“It is really gratifying for us at SAEON to be able to pull this kind of thing together using government-based data sources; it shows us what’s possible. We spend so much time and money working on climate change with government and non-government partners, but no one has done anything like this before.”
Dr Amelia Hilgart is talking about the recently-published African air quality dataset developed in partnership with Zindi, created using a model developed by Zindi users as part of a 60-hour hackathon earlier this year. As a data scientist at the uLwazi Node of the South African Earth Observation Network, Hilgart’s job is to collect, collate and share data like this to inform local government decision-making in the complex field of global change.
Urban Air Pollution Challenge
You may have seen recent news articles stating that air quality has improved due to COVID-19. This is true for some…
“We can’t decouple climate change from climate policy and good governance, which is in turn tied to active democracy, education, public health, and so on,” Hilgart explains. “For instance, climate change could cause drought, which reduces food security and impacts the economy. With less water for sanitation, we see an increase in disease and public health burdens. We must think about the system as a whole and how the pieces fit together in order to actually make progress.”
Build it and they will come
It was in looking to fill in missing data gaps that Hilgart stumbled across Zindi’s early efforts at an air quality prediction model using publicly-available Sentinel-5P satellite data. Zindi competitors had created the model as part of a #ZindiWeekendz hackathon during the early stages of the COVID-19 pandemic, in recognition of the fact that air quality data across Africa is poor to non-existent.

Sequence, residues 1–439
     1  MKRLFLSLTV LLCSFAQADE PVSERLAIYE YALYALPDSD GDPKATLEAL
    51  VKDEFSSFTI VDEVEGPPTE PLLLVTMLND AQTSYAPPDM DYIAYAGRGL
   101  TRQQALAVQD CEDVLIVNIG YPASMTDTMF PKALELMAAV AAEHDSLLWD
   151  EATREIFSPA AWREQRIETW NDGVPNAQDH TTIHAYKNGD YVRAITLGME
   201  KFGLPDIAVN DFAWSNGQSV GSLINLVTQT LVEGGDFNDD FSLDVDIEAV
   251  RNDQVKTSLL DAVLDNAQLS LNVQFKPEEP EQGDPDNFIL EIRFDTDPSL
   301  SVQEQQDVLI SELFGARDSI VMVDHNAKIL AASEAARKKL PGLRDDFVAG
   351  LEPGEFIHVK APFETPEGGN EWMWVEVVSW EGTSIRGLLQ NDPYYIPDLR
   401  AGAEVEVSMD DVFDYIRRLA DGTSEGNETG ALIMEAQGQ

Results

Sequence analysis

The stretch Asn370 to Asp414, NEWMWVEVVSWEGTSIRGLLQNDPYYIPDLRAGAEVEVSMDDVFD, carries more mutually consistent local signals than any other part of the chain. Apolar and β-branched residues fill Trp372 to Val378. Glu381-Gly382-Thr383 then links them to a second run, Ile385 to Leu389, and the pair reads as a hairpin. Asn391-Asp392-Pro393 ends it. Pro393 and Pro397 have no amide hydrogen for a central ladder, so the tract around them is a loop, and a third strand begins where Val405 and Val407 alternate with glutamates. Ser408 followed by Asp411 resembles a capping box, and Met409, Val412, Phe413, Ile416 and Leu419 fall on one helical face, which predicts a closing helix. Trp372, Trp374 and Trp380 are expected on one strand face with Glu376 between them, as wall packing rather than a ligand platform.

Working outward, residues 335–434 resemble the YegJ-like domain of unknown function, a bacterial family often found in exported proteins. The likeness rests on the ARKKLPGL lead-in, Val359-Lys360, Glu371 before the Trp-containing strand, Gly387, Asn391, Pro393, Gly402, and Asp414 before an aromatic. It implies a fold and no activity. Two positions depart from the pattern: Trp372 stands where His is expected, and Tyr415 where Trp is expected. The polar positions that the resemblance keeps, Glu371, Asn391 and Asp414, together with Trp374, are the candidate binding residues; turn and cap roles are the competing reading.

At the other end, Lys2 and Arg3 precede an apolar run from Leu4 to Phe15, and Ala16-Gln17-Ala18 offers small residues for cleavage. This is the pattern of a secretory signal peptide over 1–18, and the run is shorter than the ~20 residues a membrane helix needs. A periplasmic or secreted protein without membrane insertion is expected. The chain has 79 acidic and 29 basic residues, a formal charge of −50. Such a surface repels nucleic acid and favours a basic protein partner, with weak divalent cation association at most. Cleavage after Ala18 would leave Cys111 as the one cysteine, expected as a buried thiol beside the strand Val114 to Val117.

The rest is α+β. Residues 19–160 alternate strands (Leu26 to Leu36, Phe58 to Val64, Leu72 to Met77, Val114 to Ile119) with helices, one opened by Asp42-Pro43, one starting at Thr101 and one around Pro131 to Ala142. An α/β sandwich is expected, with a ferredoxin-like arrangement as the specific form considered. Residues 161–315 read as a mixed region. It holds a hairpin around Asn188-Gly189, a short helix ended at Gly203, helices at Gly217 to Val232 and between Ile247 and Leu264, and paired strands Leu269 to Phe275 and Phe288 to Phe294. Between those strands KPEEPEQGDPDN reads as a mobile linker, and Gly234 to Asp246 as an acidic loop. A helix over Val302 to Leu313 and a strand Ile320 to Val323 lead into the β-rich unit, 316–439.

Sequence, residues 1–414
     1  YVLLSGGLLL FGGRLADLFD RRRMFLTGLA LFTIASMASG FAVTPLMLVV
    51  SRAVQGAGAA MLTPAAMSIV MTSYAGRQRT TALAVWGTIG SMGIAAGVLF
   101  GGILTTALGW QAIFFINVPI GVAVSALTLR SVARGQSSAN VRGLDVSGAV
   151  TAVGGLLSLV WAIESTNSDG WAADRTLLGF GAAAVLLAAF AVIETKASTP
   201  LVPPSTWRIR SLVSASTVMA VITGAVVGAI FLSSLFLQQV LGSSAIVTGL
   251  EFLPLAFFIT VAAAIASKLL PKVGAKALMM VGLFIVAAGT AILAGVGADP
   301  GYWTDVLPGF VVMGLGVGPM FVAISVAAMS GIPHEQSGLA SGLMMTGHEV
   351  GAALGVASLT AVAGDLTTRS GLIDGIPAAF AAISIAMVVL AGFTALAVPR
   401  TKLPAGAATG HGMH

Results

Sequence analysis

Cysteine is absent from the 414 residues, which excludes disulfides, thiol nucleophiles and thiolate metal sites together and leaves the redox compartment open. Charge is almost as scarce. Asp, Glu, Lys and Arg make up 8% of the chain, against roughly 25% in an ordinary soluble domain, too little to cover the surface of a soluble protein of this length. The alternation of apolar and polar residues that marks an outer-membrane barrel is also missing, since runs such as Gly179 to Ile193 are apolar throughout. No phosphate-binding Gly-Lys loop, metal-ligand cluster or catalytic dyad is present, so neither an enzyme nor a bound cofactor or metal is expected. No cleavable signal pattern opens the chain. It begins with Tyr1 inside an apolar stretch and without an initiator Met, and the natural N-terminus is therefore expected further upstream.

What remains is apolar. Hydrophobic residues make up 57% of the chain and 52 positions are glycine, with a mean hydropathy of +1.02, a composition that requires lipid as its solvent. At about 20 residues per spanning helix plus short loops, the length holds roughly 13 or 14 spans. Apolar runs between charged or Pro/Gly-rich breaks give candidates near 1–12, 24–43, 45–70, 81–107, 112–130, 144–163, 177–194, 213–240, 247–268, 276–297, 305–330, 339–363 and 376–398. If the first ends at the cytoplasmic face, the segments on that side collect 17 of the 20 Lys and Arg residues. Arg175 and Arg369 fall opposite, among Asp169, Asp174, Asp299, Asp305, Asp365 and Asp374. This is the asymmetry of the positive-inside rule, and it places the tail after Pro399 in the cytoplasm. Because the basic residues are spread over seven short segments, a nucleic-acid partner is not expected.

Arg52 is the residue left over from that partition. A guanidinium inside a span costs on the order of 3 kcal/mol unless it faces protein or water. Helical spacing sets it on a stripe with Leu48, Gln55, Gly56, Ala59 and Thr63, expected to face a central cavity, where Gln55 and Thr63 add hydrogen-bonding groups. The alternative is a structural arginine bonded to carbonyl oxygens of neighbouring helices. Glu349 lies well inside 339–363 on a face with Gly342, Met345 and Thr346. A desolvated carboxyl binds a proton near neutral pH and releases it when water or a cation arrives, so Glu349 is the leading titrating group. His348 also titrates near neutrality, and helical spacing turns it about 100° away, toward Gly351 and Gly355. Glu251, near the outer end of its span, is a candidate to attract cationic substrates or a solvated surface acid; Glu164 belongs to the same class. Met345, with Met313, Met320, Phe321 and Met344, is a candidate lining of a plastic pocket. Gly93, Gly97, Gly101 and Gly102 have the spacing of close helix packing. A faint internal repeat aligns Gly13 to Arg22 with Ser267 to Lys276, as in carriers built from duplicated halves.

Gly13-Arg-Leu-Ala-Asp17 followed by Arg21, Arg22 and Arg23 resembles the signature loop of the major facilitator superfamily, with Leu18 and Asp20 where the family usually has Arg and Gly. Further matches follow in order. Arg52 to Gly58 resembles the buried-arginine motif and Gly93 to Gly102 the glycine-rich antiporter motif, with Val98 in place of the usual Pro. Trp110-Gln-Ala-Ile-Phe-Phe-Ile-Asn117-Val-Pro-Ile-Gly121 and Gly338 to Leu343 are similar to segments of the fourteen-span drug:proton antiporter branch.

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“We know that air quality has a significant negative impact on public health outcomes, especially around respiratory diseases like asthma or indeed, COVID-19,” says Jonathan Whitaker, data scientist at Zindi and lead on the project. “So we challenged our community to build a machine learning model to fill in the gaps on air quality in African cities and towns. And they delivered brilliantly.”
Zindi verified and streamlined the winning models, and published them under a CC BY-SA 4.0 license, inviting anyone who wanted to use them to get in touch. SAEON saw the potential in this model and the data it produced, and reached out.
Implementation of an air quality model based on satellite data adapted from a Zindi winning solution In this project…
From model to dataset
Whitaker was joined by Yasin Ayami, Zindi Ambassador for Zambia, and following guidance from SAEON, the two of them developed the preliminary model and used it to make predictions of historical air quality in African cities. SAEON has now shared datasets for Africa and South Africa on their Open Data Platform as well as on partner sites like Africa GeoPortal and Esri’s Living Atlas project. SAEON also ensured that the dataset has a doi (digital object identifier) so that it is searchable through tools like Google’s dataset search engine.
This predicted air quality dataset is now ready to be used by researchers, local governments and other actors to better understand air quality in urban areas across Africa for the first time.
It will also be put to use in the new air quality page for the South Africa Risk and Vulnerability Atlas (SARVA), one of SAEON’s decision support tools for local government.
“This work will also go into the next release of SARVA,” Hilgart says. “Our focus is not only identifying datasets but also data gaps, so we can show government that if they start collecting certain data, we can better understand these chains of events.”
“We have lists of missing data that we reach out to boundary organisations for assistance with. That’s where our relationship with Zindi is — helping us fill data gaps in our picture of global change in South Africa.”
See the project on SAEON
View and downoad the models on GitHub